On the evening of March 18, St. Mary's alumna Jeanne LaRoque Jolly returned to her alma mater to give a recital in the "Emerging Young Artists Series" in Smedes Parlor, the school's wonderful and historic recital hall. In her introductory comments, series director and school piano faculty member Terry Thompson reminisced that when Jolly arrived on campus as a high school sophomore, she was "a free spirit with beads in her hair" and she "just loved to sing" anything. In May she will receive the Master of Music degree from the New England Conservatory in Boston, where she has also just been accepted into the fine early music ensemble Boston Baroque, directed by Martin Perlman. She did an undergraduate degree in vocal performance at Western Carolina in between. Consequently, she is older and more mature as an artist than many of the musicians who have appeared on this series previously, but her appearance was in no way inappropriate because she is just about to begin her career whose groundwork was laid on this campus.
Appropriately, she opened with two arias from Handel operas in Italian: "Rasserena o Madre! Rend'il sereno al ciglio" from Sosarme (1732), and "Ah! Spietato" from Amadigi (1715). (The notes had them in the correct order, but the printed program had them in chronological order.) It was easy to see why she was welcomed into Boston Baroque; her voice seems especially well suited to Handel. Her Italian diction was excellent. Her collaborative pianist, Linda Velto, however, played much too heavily for this music, which was written for harpsichord accompaniment, and this marred the overall effect. It must also be said that St. Mary's piano leaves a lot to be desired, its being a Steinway notwithstanding.
Jolly followed with Drei Lieder der Ophelia by Richard Strauss, composed in 1918. The three songs are quite different from each other and Jolly differentiated them well both vocally and expressively. Although occasionally too loud for both the singer and the performance space, Velto's accompaniment was generally speaking much better for this short cycle, which, like the Handel arias, Jolly sang from memory. She closed the first half of her presentation with Maurice Ravel's Cinq mélodies populaires grecques , dating from 1905, for which she had a score on a stand. NC Symphony harpist Anita Burroughs-Price accompanied for this the fourth performance that I have had the pleasure of hearing in about a year. (See my review of the February 10 recital at Peace College for the run-down.) Burroughs-Price could probably play these from memory at this point - she was the accompanist for three of the four performances - but she had a score and a page-turner. Together, they gave a sensitive and spirited interpretation. Jolly's French and German diction are as good as her Italian.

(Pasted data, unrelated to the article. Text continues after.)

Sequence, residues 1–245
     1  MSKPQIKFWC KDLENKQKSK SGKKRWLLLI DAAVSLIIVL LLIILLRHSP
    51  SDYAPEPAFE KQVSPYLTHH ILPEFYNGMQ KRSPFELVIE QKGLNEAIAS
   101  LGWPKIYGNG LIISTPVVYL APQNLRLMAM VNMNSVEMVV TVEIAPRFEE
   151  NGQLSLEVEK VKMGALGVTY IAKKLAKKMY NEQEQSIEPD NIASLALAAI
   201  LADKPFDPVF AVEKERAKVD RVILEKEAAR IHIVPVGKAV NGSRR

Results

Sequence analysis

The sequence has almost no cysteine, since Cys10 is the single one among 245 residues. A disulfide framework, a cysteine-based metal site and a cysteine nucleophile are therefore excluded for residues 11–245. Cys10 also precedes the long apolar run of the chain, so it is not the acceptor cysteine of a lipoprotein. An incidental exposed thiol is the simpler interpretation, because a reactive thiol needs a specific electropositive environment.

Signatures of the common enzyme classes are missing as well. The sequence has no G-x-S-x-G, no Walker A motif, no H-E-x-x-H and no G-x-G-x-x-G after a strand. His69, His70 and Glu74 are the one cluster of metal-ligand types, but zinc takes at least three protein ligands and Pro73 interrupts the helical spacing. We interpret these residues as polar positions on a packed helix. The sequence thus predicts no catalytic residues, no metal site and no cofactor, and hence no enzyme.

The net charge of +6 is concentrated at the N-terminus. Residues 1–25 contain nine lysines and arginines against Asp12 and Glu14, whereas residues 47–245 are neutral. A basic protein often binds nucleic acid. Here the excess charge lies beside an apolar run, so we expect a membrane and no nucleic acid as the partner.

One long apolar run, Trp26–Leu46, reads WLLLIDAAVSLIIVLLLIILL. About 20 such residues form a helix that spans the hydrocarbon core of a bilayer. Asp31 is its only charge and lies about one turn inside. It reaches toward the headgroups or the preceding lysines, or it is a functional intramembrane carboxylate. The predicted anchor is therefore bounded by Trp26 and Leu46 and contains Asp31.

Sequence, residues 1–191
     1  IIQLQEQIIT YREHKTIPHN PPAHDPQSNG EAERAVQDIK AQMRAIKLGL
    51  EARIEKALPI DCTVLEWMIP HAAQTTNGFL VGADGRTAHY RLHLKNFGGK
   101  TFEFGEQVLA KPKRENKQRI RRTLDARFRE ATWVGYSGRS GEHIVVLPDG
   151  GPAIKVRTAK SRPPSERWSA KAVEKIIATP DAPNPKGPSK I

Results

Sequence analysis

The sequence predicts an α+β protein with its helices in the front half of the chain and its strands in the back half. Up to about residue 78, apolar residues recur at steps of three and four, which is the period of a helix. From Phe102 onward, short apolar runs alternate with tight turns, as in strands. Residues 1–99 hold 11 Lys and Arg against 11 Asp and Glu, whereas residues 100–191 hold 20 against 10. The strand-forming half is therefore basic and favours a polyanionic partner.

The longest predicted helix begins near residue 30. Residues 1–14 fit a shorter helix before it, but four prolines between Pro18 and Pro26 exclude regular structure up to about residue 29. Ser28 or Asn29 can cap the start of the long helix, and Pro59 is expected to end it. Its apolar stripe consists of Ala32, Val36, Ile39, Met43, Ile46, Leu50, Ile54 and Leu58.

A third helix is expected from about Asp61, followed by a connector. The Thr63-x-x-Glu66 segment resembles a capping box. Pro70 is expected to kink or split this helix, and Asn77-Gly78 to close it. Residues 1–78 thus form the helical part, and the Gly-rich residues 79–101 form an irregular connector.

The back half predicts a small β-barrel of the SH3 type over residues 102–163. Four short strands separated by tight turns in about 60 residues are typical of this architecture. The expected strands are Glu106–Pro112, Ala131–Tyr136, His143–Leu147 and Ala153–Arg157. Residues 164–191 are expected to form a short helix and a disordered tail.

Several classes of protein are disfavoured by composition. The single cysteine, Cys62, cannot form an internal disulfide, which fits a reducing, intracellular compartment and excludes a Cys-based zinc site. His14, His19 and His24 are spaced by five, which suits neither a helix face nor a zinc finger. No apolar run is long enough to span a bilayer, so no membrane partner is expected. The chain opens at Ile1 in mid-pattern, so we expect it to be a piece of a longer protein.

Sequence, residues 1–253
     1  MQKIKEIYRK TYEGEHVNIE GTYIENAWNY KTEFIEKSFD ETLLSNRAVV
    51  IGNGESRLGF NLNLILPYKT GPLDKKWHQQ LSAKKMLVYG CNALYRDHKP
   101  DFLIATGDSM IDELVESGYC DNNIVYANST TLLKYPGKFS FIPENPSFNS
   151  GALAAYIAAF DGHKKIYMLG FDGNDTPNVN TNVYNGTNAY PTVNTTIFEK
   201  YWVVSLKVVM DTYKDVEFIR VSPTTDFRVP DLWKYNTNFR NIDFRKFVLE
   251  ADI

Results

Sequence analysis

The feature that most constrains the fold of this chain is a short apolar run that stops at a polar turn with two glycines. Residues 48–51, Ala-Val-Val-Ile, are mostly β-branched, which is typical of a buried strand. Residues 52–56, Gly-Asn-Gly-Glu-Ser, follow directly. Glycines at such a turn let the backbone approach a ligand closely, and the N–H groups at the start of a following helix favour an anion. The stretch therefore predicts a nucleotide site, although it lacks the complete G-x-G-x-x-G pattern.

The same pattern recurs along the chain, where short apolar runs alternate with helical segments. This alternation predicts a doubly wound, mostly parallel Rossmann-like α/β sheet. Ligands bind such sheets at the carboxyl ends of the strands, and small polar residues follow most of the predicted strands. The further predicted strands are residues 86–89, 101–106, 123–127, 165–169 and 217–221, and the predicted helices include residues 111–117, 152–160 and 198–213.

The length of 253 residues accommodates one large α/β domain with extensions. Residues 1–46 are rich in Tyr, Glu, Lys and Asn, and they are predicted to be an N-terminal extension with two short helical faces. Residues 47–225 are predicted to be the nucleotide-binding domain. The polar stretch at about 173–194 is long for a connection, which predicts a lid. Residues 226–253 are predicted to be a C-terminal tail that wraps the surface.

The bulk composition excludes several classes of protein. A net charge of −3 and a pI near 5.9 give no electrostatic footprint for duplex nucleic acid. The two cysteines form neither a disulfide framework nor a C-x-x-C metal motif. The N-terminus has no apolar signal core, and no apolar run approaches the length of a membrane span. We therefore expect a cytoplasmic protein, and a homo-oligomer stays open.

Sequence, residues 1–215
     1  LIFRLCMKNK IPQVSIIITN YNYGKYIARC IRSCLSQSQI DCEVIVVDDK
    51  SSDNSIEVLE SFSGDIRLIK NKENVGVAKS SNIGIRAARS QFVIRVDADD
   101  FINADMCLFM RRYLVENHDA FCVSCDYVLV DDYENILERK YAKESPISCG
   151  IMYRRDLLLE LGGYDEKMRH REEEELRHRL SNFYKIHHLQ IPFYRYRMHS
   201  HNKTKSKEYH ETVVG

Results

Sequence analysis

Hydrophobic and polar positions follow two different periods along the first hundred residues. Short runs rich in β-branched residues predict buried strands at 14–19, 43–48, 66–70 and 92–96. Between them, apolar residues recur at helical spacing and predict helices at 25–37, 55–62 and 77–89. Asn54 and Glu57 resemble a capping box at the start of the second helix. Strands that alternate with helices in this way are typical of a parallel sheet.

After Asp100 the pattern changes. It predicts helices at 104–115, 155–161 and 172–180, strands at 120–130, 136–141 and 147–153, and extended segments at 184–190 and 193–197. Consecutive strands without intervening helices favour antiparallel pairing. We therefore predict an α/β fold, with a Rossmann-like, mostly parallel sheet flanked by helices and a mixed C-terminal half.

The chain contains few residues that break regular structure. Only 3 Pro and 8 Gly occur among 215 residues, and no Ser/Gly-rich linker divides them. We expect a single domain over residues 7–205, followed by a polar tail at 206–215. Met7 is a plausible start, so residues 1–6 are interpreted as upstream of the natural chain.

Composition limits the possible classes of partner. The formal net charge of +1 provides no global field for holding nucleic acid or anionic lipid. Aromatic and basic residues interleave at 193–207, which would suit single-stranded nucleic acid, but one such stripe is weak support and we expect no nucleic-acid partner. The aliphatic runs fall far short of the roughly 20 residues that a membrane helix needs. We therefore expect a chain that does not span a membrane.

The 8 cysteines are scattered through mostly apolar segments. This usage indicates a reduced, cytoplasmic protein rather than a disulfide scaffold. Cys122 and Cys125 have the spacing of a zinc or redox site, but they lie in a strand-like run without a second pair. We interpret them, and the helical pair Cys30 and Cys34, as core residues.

Following the intermission, Jolly offered the pièce de résistance of the evening's fare, Libby Larsen's fairly lengthy five-song cycle from 2000, Try Me, Good King : Last words of the wives of Henry VIII, again sung from memory and with Velto at the keyboard. The composer set texts actually written - or spoken and recorded by others - by the five women as they faced their deaths. Musically, it is an impressive piece where the notes fit the words like a glove fits a hand. Jolly's performance was likewise impressive; she really got to the heart of these pieces, sang them very naturally, with impeccable diction and nicely nuanced expression, and made them come alive for the overflow crowd of admiring listeners, from whom she received well-deserved enthusiastic applause.
Jolly closed the evening fittingly with the short song "Thank you All...," from Aaron Copland's 1954 opera The Tender Land. She planned a fine program to demonstrate that since she graduated from St. Mary's she has learned to turn that youthful, innocent, and enthusiastic love of singing into a skill and an art that she can use to communicate with her listeners and make them love her singing. While she does not have a big voice, she does have a very pretty one and has learned how to use it well and to show it off to its best advantage. She will have a fine career, we hope.
Jolly also prepared the program notes, which were on the whole succinct, informative and well written with the exception of a huge grammatical blunder in the introduction to the Ravel and an "of" where "to" was meant in a passage about one of Henry's wives. She might want to have someone else read her notes before she goes to press in the future, if for no other reason than two pairs of eyes are better than one. She should also include dates of composition (when known) next to the titles of the works on the printed program and provide the original language texts with side-by-side translations instead of uncredited translations alone for future recitals, which this reviewer hopes to have the pleasure of hearing.
[Posting delayed due to illness.]